NEW YORK: Luxury brand owners such as Hugo Boss, Saks Fifth Avenue and Coach are all aiming to boost their sales among male shoppers.

Hugo Boss, which already yields most of its revenues from men, has established the goal of boosting sales by 50% over the period to 2015, when returns should hit €3bn.

Among the key initiatives it plans to implement is enhancing its flagship US store, based in Manhattan, New York. "Men are just waking up to the beauty of being dressed well," Claus-Dietrich Lahrs, the company's chief executive, told Reuters.

Forecasts from Bain & Company, the consultancy, have suggested that the luxury menswear segment should grow by 14% in 2012, almost twice the expansion anticipated for high-end womenswear.

Alfred Dunhill, a male-focused fashion chain owned by Richemont, has three stores in the US at present, and is seeking to open a further five within the next two years.

"We look at America as a bit of an unpicked fruit," Christopher Colfer, CEO of Alfred Dunhill, said. "There's a resurgence of man and our willingness to make ourselves look nice."

Matthew Singer, men's fashion director at Neiman Marcus Group, added that the rise of websites and blogs dedicated to this type of apparel, changing habits and TV programmes like Mad Men also plays a role. "Those shows are having an influence on the way guys are dressing," he said.

Coach, the fashion brand, has predicted its global sales to the same audience will expand from the $200m registered in 2011 to $400m this year and over $1bn in the next five years.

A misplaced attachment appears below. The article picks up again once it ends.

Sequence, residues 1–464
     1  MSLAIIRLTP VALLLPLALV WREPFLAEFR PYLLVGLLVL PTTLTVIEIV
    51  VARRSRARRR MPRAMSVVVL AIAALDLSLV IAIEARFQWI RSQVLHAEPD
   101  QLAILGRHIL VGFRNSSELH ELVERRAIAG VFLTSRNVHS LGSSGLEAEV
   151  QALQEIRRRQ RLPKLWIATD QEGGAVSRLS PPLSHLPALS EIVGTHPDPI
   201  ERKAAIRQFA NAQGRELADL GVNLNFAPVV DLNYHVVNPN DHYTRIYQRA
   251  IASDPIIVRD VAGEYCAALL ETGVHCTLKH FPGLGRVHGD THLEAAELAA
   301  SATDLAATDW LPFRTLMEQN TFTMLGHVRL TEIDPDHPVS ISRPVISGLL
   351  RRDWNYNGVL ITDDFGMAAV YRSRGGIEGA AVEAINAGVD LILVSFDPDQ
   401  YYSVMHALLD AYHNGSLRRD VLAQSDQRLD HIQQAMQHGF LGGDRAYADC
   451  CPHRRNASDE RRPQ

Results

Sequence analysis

"Men are becoming more comfortable," said Greg Unis, Coach's VP, men's merchandising. "We have men coming into the store that got a wallet for a graduation gift ten years ago and [are leaving] with a briefcase. They're trading up into the brand."

Around four years ago, Saks Fifth Avenue, the department store chain, created its own-label range for male buyers, and has seen considerable success in terms of driving sales.

"Saks Fifth Avenue Men's Collection will probably be this year our largest men's brand at a very attractive gross margin," Steve Sadove, its CEO, said. "Exclusive differentiated product is what we're about."

Such trends are not limited to the US. Trinity, a luxury goods group in China, witnessed organic growth of 19.5% in 2011. It currently has 370 branches, but hopes to reach 500 in the near future.

"Men do not shop that often, do not buy a lot but they are consistent. Men are very loyal to brands," Sunny Wong, group managing director of Trinity, said.

Data sourced from Reuters/CNBC; additional content by Warc staff